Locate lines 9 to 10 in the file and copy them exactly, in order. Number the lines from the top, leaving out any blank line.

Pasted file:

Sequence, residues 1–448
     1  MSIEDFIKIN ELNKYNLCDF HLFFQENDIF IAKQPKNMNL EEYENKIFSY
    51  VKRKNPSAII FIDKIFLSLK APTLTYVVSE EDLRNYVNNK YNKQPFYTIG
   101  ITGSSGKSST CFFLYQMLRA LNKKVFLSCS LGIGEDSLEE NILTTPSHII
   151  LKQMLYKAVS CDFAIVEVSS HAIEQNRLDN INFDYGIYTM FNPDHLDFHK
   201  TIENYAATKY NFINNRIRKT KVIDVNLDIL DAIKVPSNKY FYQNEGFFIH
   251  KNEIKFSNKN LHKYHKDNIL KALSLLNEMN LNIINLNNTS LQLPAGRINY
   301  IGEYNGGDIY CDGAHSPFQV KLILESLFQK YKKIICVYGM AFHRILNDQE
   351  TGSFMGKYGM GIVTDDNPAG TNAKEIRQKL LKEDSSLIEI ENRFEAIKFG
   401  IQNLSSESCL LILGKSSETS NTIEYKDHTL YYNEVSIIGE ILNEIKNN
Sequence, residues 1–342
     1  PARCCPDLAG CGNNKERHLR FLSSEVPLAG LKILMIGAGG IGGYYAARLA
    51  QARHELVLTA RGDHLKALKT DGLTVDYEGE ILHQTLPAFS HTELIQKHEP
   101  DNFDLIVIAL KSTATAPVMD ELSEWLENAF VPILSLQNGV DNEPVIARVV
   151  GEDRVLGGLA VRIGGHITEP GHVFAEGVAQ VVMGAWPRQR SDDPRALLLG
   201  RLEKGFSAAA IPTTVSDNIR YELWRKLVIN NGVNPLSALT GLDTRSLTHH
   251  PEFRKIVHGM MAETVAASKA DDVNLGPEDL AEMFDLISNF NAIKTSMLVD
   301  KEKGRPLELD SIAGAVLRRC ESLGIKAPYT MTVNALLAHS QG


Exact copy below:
   351  TGSFMGKYGM GIVTDDNPAG TNAKEIRQKL LKEDSSLIEI ENRFEAIKFG
   401  IQNLSSESCL LILGKSSETS NTIEYKDHTL YYNEVSIIGE ILNEIKNN